personality are character and imagination. Character means courage, and there is a great
difference between the collective courage of a mass of people all thinking the same way
and the courage of a man who cares not at all for public opinion but follows his own
chosen path unswervingly. Our national ideal as to the moral attitude is high; what the
people understand, and what they all agree about, that they will do; but it is not
so easy to find men who are willing to think and act at variance with the opinions of
their neighbours. We see this trait constantly in those people who live beyond their
Incomes; who must have this and that because their friends have it. This weakness gnaws at
the foundation of our national existence like an insidious disease. For, with all our talk
of individualism, we are among the least individual of nations. The era of machine-made
articles has swept over the land, and nowhere is its product more deteriorating than in
the machine-made types which our schools turn out.
I do not wish to be misunderstood; I do not mean that these types are poor or bad types
– on the contrary, machines work with a wonderful precision -but these types are ran in a
mould, or rather several moulds. The result is a high state of mediocrity. But there is a
danger here which we do not quite foresee. Machines are controlled by the men who make and
work them. Upon the few with the brains to create and guide, the destinies of the others
therefore depend. There has never been such a machine-made people as the Germans; and we
can see clearly to-day, as we could not some years ago, what happens to such a people when
the guiding powers are unscrupulous and wrought upon by an overweening ambition.
A democracy can only succeed through an enlightened proletariat. If character and
imagination are the essentials to a strong personality, one capable of directing itself
and not at the mercy of demagogues and fanatics, then we should leave no stones unturned
to gain this end. I think I make no unwise statement when I say that it is only in those
minds possessing but a modicum of imagination that the value of the humanities as an
educational factor is denied.
It is clearly not my purpose, in this paper, to speak of character building,
neither have I space to go into all the ways in which the faculty of imagination might be
stimulated, but there is one, and I think the most important one, the value of which is
only imperfectly understood. I mean literature, and more especially poetry, and more
especially still, contemporary poetry.
We all agree that the aim of education is to fit the child for life. But the
differences of opinion as to how that fitting is to be done are almost as many as there
are men to hold them. Again, we all agree as to the necessity of building up a strong
character, but here again we are at variance as to how this is to be done. Still, upon
these points the world is in accord; the point on which it differs radically is precisely
that of imagination. Fully a of our pedagogues cannot see that imagination is the root of
all civilization. Like love, it may very fairly be said to ‘make the world go round.’
But as it works out of sight, it is given very little credit for what it performs.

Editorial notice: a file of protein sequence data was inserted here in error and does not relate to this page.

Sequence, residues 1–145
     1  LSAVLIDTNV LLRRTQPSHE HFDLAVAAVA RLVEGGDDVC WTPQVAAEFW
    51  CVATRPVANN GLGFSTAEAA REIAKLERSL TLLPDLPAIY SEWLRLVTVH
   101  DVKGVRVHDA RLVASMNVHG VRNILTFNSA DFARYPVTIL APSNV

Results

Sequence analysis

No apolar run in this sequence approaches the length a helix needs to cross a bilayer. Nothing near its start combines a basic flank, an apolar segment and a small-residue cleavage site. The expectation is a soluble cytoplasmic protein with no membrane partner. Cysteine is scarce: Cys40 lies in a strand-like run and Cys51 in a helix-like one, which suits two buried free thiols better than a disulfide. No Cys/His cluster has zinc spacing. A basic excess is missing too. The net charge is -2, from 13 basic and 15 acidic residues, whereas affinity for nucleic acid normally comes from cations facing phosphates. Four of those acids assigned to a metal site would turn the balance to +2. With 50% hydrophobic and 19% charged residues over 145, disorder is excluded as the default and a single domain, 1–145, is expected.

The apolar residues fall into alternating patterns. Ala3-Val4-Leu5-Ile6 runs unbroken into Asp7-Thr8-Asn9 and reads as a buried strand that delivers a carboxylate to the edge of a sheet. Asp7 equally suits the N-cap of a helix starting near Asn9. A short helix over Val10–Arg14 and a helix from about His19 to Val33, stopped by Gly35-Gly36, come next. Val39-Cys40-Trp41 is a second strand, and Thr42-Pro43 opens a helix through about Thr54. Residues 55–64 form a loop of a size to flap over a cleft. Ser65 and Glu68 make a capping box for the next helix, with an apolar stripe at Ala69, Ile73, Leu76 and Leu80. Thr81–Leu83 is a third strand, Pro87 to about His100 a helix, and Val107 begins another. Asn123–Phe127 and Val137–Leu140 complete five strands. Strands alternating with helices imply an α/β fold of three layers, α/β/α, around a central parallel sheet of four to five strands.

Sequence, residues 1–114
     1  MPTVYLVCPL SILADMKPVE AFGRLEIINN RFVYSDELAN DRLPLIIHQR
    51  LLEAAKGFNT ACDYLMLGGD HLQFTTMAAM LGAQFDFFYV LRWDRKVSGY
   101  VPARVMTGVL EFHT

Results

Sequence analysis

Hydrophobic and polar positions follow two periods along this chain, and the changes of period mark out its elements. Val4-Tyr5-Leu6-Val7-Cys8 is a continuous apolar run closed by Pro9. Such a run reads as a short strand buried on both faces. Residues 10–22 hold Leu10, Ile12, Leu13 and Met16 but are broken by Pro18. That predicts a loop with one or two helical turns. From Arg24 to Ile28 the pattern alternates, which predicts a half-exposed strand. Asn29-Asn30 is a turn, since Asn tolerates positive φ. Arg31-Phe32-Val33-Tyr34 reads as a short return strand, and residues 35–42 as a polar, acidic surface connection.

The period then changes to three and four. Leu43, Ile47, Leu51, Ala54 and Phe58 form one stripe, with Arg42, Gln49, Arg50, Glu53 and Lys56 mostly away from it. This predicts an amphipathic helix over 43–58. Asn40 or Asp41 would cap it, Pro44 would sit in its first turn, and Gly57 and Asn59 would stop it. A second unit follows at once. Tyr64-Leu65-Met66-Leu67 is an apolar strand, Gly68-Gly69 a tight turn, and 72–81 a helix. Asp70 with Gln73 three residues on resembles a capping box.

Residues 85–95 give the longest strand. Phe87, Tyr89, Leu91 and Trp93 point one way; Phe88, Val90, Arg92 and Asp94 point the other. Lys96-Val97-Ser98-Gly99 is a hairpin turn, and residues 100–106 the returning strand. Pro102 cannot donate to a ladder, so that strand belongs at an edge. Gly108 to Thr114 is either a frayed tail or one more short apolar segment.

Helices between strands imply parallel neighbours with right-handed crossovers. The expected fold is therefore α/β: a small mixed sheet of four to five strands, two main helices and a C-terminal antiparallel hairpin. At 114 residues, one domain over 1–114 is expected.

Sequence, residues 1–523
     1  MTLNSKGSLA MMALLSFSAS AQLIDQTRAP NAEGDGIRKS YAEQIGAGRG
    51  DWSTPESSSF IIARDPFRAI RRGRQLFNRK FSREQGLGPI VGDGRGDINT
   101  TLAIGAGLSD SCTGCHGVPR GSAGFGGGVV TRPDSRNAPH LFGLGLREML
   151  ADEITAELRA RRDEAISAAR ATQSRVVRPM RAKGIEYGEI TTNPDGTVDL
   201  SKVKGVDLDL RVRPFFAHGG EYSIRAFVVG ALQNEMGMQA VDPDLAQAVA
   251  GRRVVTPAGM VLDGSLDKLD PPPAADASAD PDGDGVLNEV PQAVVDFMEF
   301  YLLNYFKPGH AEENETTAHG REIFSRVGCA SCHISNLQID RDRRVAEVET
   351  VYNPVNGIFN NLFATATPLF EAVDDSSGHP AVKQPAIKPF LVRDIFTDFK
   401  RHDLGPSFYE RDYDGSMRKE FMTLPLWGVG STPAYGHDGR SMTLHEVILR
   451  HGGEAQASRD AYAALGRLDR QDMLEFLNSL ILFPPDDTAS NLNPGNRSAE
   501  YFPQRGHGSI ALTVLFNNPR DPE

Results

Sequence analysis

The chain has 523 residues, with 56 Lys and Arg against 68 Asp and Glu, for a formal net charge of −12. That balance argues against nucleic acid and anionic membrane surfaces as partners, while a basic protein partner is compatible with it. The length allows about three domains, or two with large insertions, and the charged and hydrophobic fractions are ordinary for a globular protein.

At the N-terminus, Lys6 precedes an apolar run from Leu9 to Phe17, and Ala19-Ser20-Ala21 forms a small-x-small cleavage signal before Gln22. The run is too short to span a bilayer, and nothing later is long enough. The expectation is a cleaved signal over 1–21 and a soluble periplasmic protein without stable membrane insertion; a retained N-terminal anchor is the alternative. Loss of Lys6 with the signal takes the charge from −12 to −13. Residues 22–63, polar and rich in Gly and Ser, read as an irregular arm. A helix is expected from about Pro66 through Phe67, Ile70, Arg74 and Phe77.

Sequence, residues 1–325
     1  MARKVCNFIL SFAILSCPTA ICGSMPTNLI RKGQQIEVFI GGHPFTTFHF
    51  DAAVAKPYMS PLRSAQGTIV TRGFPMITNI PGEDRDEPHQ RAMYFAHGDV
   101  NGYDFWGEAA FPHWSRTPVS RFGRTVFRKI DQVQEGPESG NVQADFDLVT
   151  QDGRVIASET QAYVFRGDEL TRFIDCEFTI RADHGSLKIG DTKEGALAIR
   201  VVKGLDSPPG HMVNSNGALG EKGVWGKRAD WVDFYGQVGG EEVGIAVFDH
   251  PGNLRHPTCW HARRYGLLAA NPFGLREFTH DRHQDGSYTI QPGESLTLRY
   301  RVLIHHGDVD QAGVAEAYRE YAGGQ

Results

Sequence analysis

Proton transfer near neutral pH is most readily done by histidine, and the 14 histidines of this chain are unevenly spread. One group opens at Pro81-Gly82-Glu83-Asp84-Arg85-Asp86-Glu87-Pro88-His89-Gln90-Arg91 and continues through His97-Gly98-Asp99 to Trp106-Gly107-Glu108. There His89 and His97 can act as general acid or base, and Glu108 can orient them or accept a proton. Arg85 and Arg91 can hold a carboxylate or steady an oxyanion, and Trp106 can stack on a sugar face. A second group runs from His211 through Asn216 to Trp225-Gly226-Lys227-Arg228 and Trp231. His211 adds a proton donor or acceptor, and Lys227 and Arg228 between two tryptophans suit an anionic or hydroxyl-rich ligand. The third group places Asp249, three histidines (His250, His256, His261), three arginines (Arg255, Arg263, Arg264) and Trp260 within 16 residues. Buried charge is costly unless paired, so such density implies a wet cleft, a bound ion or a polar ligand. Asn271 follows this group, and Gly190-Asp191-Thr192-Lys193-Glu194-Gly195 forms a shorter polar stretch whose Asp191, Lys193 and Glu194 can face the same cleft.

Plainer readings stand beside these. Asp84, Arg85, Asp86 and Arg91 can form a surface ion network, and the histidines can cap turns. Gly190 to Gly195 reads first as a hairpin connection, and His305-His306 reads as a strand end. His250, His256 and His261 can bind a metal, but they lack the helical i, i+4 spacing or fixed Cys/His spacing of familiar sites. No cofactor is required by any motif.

Pedagogy is being treated as a science, which would seem a start in the right
direction, were it not that true science must be exact, mathematically so, and capable of
being proved backwards. The slightest mistake in facts or reasoning throws the result
hopelessly out. Is it possible that, with all our scientific pretensions, we have
overlooked a primary link in a logical chain? Is it possible that that link is the
importance of the subconscious? Can it be said that the very lack of imagination in the
pedagogic mind is responsible for this fatal error? But let us leap to no conclusions.
Even if we think we see an end, let us not postulate upon it until we have reached it,
step by step, and have proved its existence.
Character is no new thing in the world, neither is imagination, nor, indeed, education.
Our ancestors were as much interested in these things as we are. Like us, they talked of
character and education, and, like us, they did not talk of imagination. And yet I think
it can easily be proved that their methods were more favourable to its development than
Let us forget theories for the moment and take our stand upon an unassailable truism,
namely that the object of education is to educate. Now, once more, forgetting the dusty
cobwebs of twentieth-century discussion, let us consider the old dictionary definition of
‘to educate,’ which is ‘to bring forth and form the natural faculties.’ To bring forth and
form the natural faculties, to bring out the best that the child has in him so that no
talent nor power shall be left latent, and then so to train and cultivate these talents
and powers that the child shall obtain perfect control over them, and make them of the
Nothing is said here about fitting the child for life. Our ancestors considered that so
obvious a fact as to need no stating, and this very reticence proves an imaginative
attitude which we seem to have lost to-day.
It might be said quite truthfully that no one was ever taught anything; that one
learned, but was not taught; that what the mind was ready for the mind received, that what
the mind was not ready for fell away and was forgotten. Therefore the true end of
education as such must be to train the mind. Another truism, you will say. Granted but how
is this same training to be done?
The last generation believed in the old classical education; they had forgotten why in